One of the most prized pet birds, there are 17 different types of macaws, each with its own unique needs and quirks. Several macaws are endangered, with the hyacinth, red-fronted and blue-throated macaws among the most seriously endangered.
Although these charming, personable birds are understandably popular as pets, demand has threatened their numbers in the wild. Many macaws are illegally trapped in their native rainforest homes and sold.
Most macaws are large and need a lot of social interaction. In other words, they're high-maintenance pets. But if you're okay with a pet that requires a significant time investment from its owner, a macaw may be a good option. Here are a few of the different types of macaw, and what makes each one a little different.
7 Things to Know About Owning a Macaw
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Intelligent and sociable, the blue and gold macaw grows to be quite large, measuring nearly three feet from the beak to the tip of the tail. This is not a pet for a novice bird owner; it rivals a cat or a dog in its social needs. They're also very loud birds, and their vocalization includes flock calls that sound like screaming. They're also known to "chew" with their beaks when held in captivity.
The reward for a macaw owner willing to invest the energy is a pet whose lively personality makes it an excellent companion. Blue and gold macaws, also known as blue and yellow macaws, bond closely with their human owners.
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The greenwing macaw has a very sweet disposition, and respond well to training. They'll need attention and time to bond with their owners but will thrive in a supportive environment. If you're considering this bird as a pet (or any macaw, for that matter), don't expect to leave it for long stretches of time. This bird needs a lot of social interaction.
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These little guys are the smallest of the macaws and are very easygoing. Social and intelligent, Hahn's macaws respond quickly to training and form close bonds with their owners.
Hahn's macaws can become good talkers with practice. While they do exhibit many typical macaw behaviors such as screaming, they are a good choice for the bird lover that wants a macaw but isn't quite ready to take on a large bird.
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Hyacinth macaws are the largest type of macaw and arguably the hardest to care for. Because these birds demand more time and attention than other species, Hyacinth macaws are definitely not the right pets for new bird owners. Large, beautiful, and intelligent, they can be quite alluring but are suitable only for pet owners with the right amounts of patience and devotion.Continue to 5 of 10 below.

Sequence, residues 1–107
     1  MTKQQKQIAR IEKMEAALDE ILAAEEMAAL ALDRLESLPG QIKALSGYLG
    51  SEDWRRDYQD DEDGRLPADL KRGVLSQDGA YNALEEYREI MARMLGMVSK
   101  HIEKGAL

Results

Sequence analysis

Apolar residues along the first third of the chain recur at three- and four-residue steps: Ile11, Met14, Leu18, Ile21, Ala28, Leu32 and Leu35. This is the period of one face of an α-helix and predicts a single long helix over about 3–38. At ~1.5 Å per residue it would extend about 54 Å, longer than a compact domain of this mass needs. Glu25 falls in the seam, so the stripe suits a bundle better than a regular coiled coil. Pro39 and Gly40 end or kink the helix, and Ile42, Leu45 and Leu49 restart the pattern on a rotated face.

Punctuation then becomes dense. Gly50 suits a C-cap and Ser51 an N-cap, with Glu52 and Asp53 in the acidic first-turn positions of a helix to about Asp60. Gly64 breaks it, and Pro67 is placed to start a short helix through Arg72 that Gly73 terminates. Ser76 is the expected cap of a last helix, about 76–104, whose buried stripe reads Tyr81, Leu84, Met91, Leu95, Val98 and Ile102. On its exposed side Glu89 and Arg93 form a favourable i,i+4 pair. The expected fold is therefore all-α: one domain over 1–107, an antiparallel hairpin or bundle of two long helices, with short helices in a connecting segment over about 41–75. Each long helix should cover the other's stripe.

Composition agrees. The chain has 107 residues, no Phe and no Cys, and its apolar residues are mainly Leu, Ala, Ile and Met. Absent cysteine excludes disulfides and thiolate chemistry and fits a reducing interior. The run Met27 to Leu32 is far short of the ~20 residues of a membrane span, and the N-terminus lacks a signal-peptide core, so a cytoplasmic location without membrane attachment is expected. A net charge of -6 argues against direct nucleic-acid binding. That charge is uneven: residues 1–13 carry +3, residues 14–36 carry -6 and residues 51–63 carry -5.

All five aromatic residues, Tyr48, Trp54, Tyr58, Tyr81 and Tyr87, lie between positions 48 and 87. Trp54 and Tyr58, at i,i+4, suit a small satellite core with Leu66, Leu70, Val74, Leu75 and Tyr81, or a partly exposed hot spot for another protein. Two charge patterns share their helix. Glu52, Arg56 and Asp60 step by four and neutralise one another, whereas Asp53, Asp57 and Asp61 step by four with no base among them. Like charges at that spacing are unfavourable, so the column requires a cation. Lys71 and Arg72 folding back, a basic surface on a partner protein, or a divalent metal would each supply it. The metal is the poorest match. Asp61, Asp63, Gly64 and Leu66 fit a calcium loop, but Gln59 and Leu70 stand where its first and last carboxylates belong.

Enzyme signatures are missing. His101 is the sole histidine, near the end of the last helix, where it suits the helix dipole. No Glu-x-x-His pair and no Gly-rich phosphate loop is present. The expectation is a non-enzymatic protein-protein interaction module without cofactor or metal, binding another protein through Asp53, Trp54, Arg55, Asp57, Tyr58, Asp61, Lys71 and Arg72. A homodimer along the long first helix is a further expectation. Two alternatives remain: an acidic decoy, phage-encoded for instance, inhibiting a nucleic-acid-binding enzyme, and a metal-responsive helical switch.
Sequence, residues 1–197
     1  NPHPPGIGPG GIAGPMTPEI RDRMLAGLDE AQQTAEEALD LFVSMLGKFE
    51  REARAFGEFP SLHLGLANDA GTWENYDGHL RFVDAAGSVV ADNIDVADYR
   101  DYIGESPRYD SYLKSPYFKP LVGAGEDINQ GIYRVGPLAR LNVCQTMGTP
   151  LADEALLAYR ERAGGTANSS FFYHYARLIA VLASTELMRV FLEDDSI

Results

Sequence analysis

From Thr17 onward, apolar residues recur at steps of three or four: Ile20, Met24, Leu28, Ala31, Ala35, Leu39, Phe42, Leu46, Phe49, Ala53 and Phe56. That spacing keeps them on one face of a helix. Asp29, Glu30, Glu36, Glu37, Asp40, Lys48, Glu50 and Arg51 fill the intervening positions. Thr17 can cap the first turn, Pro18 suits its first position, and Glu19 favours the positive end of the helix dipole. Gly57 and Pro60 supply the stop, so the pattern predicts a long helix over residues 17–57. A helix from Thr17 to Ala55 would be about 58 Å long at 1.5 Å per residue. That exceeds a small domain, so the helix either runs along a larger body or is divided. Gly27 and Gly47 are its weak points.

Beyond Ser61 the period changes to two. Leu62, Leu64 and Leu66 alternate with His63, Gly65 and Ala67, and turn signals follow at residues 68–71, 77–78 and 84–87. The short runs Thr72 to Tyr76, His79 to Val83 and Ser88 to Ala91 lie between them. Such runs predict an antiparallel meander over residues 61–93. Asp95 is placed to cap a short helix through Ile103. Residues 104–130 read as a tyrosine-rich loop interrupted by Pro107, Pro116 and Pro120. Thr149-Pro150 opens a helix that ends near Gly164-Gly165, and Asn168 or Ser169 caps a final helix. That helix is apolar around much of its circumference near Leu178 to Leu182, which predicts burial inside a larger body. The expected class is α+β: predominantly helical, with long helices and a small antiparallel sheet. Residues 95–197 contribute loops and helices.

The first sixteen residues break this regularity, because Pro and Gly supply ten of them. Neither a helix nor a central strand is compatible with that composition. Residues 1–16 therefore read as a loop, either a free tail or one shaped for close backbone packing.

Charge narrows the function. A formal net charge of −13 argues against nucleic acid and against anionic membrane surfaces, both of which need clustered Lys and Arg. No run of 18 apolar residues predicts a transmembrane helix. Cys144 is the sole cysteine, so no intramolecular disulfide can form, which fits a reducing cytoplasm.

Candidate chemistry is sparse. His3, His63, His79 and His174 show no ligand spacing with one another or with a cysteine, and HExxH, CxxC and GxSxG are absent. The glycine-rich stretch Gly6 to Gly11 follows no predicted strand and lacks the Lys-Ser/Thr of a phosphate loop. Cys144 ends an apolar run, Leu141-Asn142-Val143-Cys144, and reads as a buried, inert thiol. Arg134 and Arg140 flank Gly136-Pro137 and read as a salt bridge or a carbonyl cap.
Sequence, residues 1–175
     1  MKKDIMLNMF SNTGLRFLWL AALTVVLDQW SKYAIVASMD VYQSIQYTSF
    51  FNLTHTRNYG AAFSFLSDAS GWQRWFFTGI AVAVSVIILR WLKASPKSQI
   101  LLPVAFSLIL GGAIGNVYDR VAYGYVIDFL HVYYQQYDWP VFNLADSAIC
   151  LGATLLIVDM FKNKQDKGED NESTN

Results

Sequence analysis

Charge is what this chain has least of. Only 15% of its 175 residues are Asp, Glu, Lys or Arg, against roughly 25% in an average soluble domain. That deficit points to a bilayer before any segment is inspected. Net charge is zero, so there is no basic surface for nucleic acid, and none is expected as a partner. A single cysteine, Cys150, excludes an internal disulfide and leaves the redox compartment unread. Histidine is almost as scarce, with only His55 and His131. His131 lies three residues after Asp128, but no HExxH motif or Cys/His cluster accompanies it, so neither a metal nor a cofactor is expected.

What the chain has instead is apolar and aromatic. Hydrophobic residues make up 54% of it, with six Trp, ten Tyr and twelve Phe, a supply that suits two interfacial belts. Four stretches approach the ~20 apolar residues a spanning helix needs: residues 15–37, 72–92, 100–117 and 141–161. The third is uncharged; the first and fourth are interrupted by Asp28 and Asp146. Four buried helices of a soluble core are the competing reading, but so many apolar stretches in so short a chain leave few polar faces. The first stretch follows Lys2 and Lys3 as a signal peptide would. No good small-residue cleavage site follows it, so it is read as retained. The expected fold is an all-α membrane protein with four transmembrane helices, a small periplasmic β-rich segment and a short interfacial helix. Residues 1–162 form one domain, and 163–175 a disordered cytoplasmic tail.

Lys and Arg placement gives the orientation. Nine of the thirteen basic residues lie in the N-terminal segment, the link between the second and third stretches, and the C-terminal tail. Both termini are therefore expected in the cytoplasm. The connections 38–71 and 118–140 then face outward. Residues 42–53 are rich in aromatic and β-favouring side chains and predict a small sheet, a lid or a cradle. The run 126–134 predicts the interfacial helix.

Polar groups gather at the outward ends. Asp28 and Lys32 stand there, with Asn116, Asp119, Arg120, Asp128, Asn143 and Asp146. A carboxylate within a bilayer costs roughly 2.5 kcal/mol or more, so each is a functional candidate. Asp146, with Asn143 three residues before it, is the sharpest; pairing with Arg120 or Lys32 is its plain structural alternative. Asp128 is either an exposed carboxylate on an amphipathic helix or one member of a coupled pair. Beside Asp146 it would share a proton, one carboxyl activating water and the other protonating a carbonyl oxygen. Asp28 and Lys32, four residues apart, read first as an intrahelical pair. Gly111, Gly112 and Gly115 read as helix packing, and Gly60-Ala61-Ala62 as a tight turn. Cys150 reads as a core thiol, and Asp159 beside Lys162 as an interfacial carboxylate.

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Hybrid macaws are unlike any other macaw species, bred strictly for color and pet quality. Because these birds are of mixed heritage, they possess the combined personality traits of the species that were crossed to produce them. Only an experienced owner with a thorough understanding of macaw behavior should consider a hybrid.
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Illiger's macaws are playful, friendly birds that enjoy human interaction. When hand fed as babies and raised in loving attentive homes, these intelligent parrots will bond strongly with their owners and will quickly respond to positive training techniques.
Illiger's macaws require a lot of mental stimulation, and they like to stay busy.
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Social and very vocal, Military macaws have a reputation for being pleasant, even-tempered pets when properly socialized. Military macaws are curious birds, and they enjoy playing and interacting with their human "flock."
But like other macaws, these birds will require a lot of energy from their human owners. Plan to spend a lot of time with a military macaw if you get one as a pet.
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These birds are intelligent, but they need daily socialization and stimulation so that they stay tame. Scarlet macaws get bored quite easily, so they should be provided with plenty of toys to play with, in addition to near-constant attention from their owners.
Hand-fed scarlet macaws can be very affectionate, but potential owners should keep in mind that like all macaws, they can be noisy. Don't plan on keeping one as a pet if you live in an apartment or small living space, it probably won't work.Continue to 9 of 10 below.
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Friendly and comical, the severe macaw's large personality makes it a favorite with bird lovers. With adequate socialization, severe macaws bond quickly with their owners, responding well to training and boasting impressive speech abilities. They're as needy as other macaw varieties, but severe macaws can be charming companions.
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Affectionate but somewhat mischievous, the yellow-collared macaw has a reputation for being an intelligent and resourceful little parrot. They thrive on attention from their owners, and like other macaws will seek that attention by any means necessary.
Yellow-collared macaws are clever and tend to be escape artists, so it's important to provide a cage that is safe and secure. Although some are one-person birds, most yellow-collared macaws make good family pets.